Walker uses lithography for the Harper’s images in the background, enabling her to faithfully reproduce the lines of the original woodblock prints. This process also produces a slightly soft ink quality. The visual characteristics of lithography provide a stark contrast with the rich silk-screening technique she uses for her silhouettes, which offers a much bolder, densely black image.

The prominence of the silhouettes (both the scale and the dense inking) reinforces the sense of irony Walker introduces in the title for her project. Typically, an annotation is a brief comment about a text, often appearing in the margins. In Walker’s hands, the annotations have taken over, unwilling to be marginalized. The characters she adds to the scenes are specters, black ghosts lingering over, and in some cases obscuring, every landscape. They are present and affective but do not participate. They echo the Civil War itself—a war that continues to haunt contemporary life in the United States as a palpable but largely invisible presence.”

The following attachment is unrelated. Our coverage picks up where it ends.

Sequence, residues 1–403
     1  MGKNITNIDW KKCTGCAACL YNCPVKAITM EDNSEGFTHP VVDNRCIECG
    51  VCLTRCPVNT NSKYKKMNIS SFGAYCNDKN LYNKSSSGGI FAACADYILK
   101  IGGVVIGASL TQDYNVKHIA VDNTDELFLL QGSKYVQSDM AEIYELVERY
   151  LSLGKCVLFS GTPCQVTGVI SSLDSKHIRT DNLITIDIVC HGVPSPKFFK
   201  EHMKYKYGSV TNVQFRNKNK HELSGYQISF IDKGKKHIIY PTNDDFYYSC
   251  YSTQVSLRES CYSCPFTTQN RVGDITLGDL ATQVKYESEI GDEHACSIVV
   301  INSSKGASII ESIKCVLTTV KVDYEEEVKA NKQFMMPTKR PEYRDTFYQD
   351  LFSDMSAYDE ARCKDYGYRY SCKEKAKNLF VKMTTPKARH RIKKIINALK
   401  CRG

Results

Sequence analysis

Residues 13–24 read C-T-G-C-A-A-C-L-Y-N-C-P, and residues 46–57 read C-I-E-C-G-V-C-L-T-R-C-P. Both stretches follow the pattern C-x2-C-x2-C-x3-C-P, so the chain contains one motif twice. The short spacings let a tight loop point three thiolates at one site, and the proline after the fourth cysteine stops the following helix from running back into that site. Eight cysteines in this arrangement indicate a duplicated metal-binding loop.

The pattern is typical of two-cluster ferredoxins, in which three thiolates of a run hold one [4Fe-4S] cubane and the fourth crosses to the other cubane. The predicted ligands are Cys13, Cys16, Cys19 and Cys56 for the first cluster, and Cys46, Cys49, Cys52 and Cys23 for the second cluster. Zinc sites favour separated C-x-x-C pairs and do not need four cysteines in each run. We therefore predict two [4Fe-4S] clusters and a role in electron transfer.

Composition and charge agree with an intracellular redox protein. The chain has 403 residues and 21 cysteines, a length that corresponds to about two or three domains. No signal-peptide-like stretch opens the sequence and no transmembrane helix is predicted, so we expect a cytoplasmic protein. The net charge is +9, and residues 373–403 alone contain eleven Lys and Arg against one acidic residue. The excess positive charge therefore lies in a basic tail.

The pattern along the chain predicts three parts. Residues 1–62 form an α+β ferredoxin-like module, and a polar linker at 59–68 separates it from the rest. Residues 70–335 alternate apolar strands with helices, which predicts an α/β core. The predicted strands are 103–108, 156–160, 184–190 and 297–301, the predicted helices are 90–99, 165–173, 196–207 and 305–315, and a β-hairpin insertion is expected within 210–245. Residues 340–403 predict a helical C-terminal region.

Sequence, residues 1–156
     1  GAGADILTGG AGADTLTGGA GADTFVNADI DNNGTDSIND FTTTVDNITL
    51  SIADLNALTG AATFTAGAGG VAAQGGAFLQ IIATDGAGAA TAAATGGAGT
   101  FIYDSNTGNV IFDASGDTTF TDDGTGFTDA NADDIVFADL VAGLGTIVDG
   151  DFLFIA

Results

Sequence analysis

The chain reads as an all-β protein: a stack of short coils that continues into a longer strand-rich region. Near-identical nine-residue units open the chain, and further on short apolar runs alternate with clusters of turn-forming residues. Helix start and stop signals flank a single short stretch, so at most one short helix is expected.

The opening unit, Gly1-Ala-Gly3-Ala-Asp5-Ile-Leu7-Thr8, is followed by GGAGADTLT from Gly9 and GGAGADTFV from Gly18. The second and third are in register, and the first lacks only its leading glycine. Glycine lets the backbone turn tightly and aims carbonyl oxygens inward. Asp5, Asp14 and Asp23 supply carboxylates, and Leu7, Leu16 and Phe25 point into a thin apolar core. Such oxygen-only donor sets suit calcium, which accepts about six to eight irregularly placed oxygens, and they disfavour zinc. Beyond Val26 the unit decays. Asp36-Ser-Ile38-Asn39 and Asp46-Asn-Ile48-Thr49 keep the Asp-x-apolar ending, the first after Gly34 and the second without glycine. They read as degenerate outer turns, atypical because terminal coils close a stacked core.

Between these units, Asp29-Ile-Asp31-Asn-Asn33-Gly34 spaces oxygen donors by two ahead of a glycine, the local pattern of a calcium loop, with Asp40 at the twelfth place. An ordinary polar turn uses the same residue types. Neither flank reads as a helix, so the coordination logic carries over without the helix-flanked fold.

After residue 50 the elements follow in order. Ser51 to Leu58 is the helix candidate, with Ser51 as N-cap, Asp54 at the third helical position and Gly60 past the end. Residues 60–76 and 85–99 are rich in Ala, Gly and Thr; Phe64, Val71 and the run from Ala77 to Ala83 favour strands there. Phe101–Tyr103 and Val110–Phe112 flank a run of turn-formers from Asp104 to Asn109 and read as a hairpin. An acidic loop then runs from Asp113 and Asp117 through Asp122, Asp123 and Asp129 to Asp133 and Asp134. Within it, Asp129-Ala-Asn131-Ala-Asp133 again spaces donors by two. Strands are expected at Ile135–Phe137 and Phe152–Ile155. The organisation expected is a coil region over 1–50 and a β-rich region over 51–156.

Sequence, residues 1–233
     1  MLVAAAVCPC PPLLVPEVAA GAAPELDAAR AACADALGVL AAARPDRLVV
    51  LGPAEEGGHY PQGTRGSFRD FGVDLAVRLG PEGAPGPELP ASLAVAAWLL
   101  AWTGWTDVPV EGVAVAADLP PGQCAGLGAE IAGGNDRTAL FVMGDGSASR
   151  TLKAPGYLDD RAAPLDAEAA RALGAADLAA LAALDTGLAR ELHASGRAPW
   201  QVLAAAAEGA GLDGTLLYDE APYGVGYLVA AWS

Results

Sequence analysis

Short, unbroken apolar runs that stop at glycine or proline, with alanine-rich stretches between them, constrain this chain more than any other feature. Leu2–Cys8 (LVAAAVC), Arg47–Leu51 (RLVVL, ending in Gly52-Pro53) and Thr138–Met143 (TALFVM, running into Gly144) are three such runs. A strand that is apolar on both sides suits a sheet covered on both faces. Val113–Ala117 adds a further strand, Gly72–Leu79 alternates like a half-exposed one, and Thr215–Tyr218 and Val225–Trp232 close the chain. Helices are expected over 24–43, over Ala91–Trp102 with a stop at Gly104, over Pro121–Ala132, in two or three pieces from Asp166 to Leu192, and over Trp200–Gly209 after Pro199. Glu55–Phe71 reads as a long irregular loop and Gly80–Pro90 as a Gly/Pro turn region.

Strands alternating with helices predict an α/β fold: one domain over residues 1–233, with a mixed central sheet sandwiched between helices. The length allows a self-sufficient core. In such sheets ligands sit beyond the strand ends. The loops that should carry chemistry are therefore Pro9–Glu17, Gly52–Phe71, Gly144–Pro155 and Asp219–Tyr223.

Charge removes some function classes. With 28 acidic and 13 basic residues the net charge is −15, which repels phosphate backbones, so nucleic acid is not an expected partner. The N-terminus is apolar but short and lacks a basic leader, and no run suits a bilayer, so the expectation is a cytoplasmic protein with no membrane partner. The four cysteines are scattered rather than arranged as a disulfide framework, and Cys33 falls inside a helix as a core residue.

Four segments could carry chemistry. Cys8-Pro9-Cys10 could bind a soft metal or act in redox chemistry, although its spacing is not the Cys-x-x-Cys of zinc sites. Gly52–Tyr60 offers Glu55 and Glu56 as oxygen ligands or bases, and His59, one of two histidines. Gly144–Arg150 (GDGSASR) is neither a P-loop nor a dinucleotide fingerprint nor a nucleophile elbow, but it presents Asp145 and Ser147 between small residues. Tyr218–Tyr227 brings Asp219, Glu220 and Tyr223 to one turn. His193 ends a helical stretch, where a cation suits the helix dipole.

———————-

Savage Beauty

(Head in Clouds, Alicia Savage)

When:  On view through December 6th, 2013

Opening Reception: Friday October 4th, 6-8PM

Where: The Griffin Museum at Digital Silver Imaging, 9 Brighton Street, Belmont, MA

How: Official Website

What/Why: “Alicia Savage explores time, place and person through this series of self-portraits. Inner landscape is inspired by physical settings of locations such as the Nova Scotia farmhouse of her maternal grandmother, a lake front family homestead, and the odd hotel room encountered on her journeys.”

———————-

Say hi:

EMAIL | TWITTER | FACEBOOK | INSTAGRAM | PINTEREST

Where did September go?

 

Only 10 days left to see Pedigree at the New Art Center before it becomes a fond memory! The gallery will be open this Saturday 1pm-5pm. Also, be sure to stop by the Best Dressed Signs Presentation and Gilding Demonstration next Thursday 7-9PM.

Well, now that my shameless promotion is out of the way, let’s get out of here!

Have a great weekend my dears. ♥

This entry was posted in Weekly Wrap-Up. Bookmark the permalink.

Leave a Reply

Your email address will not be published. Required fields are marked *